By Jay Valentine, ContingencySales.com
Systems Oriented Programming is the next evolution of microservices and distributed computing. It shortens the development time of enterprise-class applications to a single business quarter.
Systems Oriented Programming enables application designers and implementors to make system-wide optimization for locality – Locality of Reference and Locality of Logic.
Locality of Reference is more commonly recognized. It refers to optimizing a distributed system so that within each running process, the process needs to only access data stored locally. By avoiding network requests in the middle of computation loops – the overall speed of the distributed system can be improved significantly. These performance improvements can be multiple decimal orders of magnitude.
Locality of Logic is a term fewer people are familiar with – however, its impact on app development is significant.
A "typical" non-trivial enterprise application may have a few hundred different relational database tables. These tables, and the interrelationships among them, are a tangle of object encapsulations resulting in complex application code layers.
No human can simultaneously understand hundreds of data tables and the permutations of their interrelationships. Thus, today’s major corporate applications take years to build and are maintenance nightmares.
Locality of Logic, in Systems Oriented Programming, takes a different approach.
Locality of Logic is usually implemented in object encapsulation (object-oriented programming). Here a programmer only needs to understand the inner workings of an object in the code that implements the object. When used as a building block in a larger application, programmers need only understand how the objects work “from the outside” rather than its internal implementation.
Object encapsulation benefits do not translate equally well to the system level.
In Systems Oriented Programming, both through the software run-time environment "plumbing" as well as design and implementation methodologies that are encouraged/enforced by the programming framework -- the design of enterprise-class applications is done with a vastly reduced number of database schemes.
In Systems Oriented Programming, these encapsulations fall from 100's to typically fewer than 10.
The first order result is SIMPLICITY.
Simplicity brings derivative benefits. One is simplified application code.
Systems Oriented Programming dictates application building block functionality/logic is implemented locally in a few schemes that would be referred to as "stored procedures" in the relational database world.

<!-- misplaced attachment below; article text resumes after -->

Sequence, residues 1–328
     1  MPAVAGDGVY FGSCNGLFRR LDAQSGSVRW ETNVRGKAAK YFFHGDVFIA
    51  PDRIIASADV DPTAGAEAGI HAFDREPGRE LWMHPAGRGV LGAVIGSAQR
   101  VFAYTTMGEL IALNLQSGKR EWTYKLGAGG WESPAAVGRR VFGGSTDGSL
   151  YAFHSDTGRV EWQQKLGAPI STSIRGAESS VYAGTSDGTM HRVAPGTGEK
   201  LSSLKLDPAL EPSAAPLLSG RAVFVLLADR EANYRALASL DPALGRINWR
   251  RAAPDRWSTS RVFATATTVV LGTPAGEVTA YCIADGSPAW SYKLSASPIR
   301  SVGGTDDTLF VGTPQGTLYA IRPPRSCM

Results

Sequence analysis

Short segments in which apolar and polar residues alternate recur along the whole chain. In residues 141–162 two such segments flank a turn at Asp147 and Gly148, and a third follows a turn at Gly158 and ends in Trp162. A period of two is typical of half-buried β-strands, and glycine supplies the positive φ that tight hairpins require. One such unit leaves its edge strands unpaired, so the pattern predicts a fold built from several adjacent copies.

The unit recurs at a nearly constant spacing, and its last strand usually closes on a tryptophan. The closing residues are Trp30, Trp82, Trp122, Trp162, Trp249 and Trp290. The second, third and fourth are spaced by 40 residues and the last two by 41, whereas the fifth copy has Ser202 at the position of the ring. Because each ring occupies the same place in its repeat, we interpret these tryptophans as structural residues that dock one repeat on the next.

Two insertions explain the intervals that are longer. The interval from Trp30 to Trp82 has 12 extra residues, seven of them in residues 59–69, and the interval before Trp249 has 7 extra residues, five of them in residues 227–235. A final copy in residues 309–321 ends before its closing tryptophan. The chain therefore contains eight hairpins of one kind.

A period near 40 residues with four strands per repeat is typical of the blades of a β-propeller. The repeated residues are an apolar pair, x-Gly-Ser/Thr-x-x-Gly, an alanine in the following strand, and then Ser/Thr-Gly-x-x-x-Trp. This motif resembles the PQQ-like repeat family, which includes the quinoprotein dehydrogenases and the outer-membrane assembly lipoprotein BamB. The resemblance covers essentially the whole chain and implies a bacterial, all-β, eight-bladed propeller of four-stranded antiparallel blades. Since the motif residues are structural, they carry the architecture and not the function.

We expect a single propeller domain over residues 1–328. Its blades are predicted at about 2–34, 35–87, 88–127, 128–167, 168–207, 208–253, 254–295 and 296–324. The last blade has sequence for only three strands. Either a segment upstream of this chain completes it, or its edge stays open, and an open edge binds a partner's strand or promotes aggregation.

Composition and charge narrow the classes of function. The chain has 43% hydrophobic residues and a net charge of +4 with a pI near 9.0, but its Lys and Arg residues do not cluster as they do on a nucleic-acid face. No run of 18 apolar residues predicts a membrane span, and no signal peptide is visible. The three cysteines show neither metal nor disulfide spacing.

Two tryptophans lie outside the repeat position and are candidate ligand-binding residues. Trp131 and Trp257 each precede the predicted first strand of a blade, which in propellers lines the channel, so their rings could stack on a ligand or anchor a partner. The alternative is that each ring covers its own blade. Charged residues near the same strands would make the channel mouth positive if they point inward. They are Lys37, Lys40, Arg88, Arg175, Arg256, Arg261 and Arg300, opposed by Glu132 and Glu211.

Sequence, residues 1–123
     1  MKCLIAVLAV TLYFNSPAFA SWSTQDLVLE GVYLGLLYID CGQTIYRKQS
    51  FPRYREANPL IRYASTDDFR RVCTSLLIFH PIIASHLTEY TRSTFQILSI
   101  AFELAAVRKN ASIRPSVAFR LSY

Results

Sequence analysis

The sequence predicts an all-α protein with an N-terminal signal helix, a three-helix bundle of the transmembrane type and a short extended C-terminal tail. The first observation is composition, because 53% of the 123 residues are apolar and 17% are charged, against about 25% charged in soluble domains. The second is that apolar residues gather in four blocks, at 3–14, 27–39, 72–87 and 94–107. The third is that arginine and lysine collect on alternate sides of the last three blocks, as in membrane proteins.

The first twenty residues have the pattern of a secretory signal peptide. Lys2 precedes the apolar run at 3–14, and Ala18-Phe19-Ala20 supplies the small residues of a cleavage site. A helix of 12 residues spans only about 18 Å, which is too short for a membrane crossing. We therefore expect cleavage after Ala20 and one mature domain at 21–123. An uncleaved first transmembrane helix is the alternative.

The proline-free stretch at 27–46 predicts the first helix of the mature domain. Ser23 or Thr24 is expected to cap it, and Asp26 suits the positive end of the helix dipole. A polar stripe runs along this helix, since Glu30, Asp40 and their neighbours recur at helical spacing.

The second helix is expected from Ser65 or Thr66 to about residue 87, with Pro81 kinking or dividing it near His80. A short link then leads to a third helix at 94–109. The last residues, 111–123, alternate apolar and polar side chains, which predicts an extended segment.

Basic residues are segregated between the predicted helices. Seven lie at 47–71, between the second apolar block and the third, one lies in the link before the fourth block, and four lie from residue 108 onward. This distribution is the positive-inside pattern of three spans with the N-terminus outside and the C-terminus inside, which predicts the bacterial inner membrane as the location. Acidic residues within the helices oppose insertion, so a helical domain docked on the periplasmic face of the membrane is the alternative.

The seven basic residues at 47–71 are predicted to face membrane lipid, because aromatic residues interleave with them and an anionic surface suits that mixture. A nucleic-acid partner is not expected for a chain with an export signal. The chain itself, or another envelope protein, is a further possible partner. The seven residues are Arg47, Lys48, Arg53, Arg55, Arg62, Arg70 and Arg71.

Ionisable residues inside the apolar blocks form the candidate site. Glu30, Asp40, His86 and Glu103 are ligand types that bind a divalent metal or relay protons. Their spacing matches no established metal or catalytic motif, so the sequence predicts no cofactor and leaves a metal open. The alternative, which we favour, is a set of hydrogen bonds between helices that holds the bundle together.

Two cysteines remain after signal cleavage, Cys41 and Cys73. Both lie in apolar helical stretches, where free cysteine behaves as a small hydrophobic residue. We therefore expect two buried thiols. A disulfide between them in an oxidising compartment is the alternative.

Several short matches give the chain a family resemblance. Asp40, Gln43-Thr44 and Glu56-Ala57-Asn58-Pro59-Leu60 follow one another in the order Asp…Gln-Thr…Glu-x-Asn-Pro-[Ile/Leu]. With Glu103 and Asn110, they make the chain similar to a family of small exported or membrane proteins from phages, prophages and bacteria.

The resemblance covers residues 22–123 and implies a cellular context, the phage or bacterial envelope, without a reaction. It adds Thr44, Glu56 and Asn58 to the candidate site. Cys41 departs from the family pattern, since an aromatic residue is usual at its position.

These “stored procedures” have Locality of Logic; the application logic is co-located with the storage scheme definition and typically requires knowledge of only that scheme or just one or two additional.
While Locality of Reference simplifies by reducing I/O thrashing – Locality of Logic requires simple knowledge of a database scheme instead of knowledge of an intractable number of potential interactions among relational data tables.
Optimizing for Locality of Logic presents multiple data and compute models to the application developer. She can use the data model that most “naturally” fits the part of the application the developer is working on.
Needless complexity in traditional enterprise applications comes from forcing app data into a relational data storage model that may not be the most efficient way to represent the data.
When multiple data models easily co-exist, the application code becomes more intuitive, expressive, and smaller. Application logic building blocks can be embedded in the database scheme, not forced into layers built for computation into a database.
Such simplicity delivered by Locality of Logic makes application layer code significantly easier/faster to write. Empirical results show about a 10x time reduction to develop complex applications.
IT departments can deliver apps the user wants rather than apps that force the user to adapt her business to the application’s constraints.
Locality of Reference, which minimizes I/O wait states, can enable each server to do the work of 10 conventional servers.
Locality of Logic, with its simplicity and logic elevated to the system level, can enable each programmer to do the work of 10 conventional programmers who are forced to wade through jungles of hundreds of tables of interaction complexity.
The simultaneous optimization for both Locality of Reference and Locality of Logic can produce a 10-fold increase in resources for corporate IT.
Ten-fold increases in productivity and speed mean digital transformation may finally be a reality instead of a wishful dream.
About The Author
Jay Valentine is the CEO of ContingencySales.com, bringing disruptive tech products to market without venture capital and the VP of Sales for portfolio company Cloud-Sliver.